I currently keep three email addresses (,, and The first two are open to everyday email; the third is for some online ordering and a handful of other likely-to-sp8m sign-ups (i.e., the third is a zombie account, in effect). I suspect I am not alone in keeping multiple accounts, and yet I have made changes to these accounts recently that have substantially redrawn how they work for me.

After months of build-up, in November I realized I was spending too much time labeling, tagging, or sorting email messages into folders–a glut of folders, certainly more than 50. I read around briefly about various efficiency techniques, settled on one, and set about moving messages and deleting the excess. It was cathartic, soul-cleansing (though only about as rapturous as shelving books or vacuuming, to be honest). I ended up with the inbox plus four folders: Act, Hold, Archive, and Lists. All of the emails that arrive easily fit into one of these four folders with most going to Archive. Everything that goes into Lists is automatically routed there by a filtering algorithm. Suddenly Inbox Zero was commonplace: my email practices were significantly improved. And, in fact, this morning I deleted the Act folder because I don’t need it. The general inbox has, for almost three months, functioned as an Act folder. Again, the two motives here are ease of retrieving a message and improved classificatory efficiency.

In addition to the four three folders, I apply seven tags (in Thunderbird): 1 Teaching, 2 Scholarly Activity, 3 Service, 4 Administrativa, 5 Personal, 6 Calendar, and 7 Accounts. Category 4 came along after I realized that a number of emails were communicating various university business that didn’t quite fit into Category 3. I assign Category 7 to various password resets, membership renewals, and account information. Category 6 applies to items requiring an entry on Google Calendar. The others are fairly self-explanatory.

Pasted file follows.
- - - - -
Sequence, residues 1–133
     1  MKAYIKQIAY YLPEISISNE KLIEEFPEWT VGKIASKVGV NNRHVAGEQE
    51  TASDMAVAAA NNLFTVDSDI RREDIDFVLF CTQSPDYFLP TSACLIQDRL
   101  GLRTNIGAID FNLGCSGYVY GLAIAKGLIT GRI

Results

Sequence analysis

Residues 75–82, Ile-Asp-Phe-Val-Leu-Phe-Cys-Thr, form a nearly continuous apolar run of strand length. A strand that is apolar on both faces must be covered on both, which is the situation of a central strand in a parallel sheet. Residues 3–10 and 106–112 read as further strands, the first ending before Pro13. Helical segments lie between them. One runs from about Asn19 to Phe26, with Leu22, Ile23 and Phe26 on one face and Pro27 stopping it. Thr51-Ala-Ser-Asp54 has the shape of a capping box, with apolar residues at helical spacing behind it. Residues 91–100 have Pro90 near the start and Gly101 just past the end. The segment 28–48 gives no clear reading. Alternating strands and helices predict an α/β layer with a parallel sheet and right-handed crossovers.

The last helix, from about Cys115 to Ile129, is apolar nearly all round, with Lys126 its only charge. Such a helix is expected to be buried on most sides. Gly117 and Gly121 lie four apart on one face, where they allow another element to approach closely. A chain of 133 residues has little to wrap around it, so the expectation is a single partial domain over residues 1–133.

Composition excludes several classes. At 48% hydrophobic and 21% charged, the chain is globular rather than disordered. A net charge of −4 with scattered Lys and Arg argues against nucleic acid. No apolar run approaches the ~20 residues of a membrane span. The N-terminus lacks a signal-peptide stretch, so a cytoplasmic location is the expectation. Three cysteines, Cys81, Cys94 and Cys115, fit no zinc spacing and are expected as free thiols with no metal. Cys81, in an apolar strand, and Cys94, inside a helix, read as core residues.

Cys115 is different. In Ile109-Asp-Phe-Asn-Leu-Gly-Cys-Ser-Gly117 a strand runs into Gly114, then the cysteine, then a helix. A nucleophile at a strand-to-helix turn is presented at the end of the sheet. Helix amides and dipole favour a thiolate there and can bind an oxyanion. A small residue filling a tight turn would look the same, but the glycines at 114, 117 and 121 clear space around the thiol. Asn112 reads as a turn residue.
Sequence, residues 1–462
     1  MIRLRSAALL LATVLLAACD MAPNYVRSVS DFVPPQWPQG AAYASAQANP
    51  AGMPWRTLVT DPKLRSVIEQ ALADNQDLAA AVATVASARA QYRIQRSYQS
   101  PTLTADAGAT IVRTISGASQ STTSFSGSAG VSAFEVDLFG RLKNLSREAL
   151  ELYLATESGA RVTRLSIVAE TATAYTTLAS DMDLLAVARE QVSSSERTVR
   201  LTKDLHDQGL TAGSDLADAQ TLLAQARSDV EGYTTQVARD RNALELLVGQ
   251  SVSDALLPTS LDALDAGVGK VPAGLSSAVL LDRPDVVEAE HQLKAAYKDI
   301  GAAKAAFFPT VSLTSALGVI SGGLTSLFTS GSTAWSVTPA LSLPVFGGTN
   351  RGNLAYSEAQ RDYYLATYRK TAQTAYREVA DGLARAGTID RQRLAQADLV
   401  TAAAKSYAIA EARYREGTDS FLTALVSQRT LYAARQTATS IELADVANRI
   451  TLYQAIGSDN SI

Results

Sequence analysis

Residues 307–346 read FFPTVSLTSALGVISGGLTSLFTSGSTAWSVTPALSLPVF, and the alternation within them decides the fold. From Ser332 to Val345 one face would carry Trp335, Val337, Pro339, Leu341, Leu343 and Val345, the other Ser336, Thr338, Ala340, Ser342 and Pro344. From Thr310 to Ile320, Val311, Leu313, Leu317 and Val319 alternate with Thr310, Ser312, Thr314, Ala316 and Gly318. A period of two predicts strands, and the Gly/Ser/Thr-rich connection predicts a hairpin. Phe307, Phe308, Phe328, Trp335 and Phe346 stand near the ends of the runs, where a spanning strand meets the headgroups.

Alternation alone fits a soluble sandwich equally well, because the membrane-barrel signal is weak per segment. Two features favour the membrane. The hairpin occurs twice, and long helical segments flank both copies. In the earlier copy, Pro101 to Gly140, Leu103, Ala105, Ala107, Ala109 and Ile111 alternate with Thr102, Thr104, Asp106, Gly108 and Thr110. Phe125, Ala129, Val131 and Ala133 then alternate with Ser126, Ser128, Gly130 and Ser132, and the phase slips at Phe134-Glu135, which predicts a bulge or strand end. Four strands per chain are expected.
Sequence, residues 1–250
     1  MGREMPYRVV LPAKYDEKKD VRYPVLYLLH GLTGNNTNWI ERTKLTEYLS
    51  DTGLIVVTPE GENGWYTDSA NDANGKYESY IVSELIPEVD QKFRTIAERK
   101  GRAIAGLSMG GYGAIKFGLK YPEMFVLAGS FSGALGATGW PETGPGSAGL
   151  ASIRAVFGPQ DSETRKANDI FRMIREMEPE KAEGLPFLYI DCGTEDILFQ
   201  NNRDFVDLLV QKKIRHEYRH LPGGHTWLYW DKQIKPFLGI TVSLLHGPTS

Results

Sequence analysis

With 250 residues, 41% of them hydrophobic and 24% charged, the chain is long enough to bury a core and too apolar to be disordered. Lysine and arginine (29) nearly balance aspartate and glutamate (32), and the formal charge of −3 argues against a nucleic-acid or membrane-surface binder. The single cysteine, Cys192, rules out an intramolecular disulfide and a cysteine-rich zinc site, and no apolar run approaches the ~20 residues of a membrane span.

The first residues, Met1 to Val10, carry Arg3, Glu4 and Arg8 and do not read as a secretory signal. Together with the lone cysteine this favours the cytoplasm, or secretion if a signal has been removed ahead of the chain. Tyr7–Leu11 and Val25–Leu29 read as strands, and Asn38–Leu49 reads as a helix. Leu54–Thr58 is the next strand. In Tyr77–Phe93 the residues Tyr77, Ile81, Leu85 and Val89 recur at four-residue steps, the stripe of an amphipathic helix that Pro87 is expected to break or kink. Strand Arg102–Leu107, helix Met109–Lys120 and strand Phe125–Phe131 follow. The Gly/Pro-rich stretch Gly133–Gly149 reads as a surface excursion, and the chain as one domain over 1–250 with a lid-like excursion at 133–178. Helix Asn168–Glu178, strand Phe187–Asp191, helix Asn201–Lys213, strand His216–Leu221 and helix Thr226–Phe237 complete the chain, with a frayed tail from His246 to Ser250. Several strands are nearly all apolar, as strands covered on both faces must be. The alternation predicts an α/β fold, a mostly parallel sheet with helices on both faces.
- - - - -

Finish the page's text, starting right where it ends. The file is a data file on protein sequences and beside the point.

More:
In effect, all emails I receive are categorized twice, once by folder and once by tag. Some receive two tags; few receive three. Often I search the Archive folder by sender, keyword, or date, but I can also separate the emails for any category. The other folders are never full enough that I need to search them. Hold, for example, has maybe ten items in it related to conference travel or meetings next week.

I realize this is a fairly mundane exercise, writing an entry about techniques for managing the inbox, but since November I have had two or three occasions to explain how this works, and I have been told it sounds either risky or brave to abandon a glut of folders for this new (to me) configuration. It’s neither risky nor brave. This is no hero narrative (at most, I can get a high-five from Is.: “You did what to your inbox?! Awesome!”). Yeah, I was nervous for 30 minutes deleting all of those folders, but the change has turned out to be a remarkable improvement.

Address Keywords

How best to arrive at keywords (before they are tags)? One humorless punchline is that I will not soon have a degree in computational linguistics. I have dealt
superficially with the question this week, first by thinking about the relationship
of the terms assigned by various methods–where we have keywords at all, that
is. The most prominent journals in composition studies do very little with
keywords, much less with tags (here I am thinking of tags as the digital
iteration of keywords that includes latent, descriptive, and procedural
labeling). Why is that?

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Databasic Writing

Our program requires that we attend two mini-seminars every semester.
Several different mini-seminars are available, from three-hour sessions on a
single day concerned with the discipline (the
Reese’s PB Cup variety
of rhetoric in my composition and vice versa), world Englishes, WAC, or some
other topic, to sessions broken across a couple of weeks on stuff like teaching
online, service learning, and information literacy. The mini-seminars are
meant to foster professional development. Everyone in the writing
program–besides first-year TAs and full-time staff and graduate faculty (who
oftentimes lead the sessions)–are made to attend.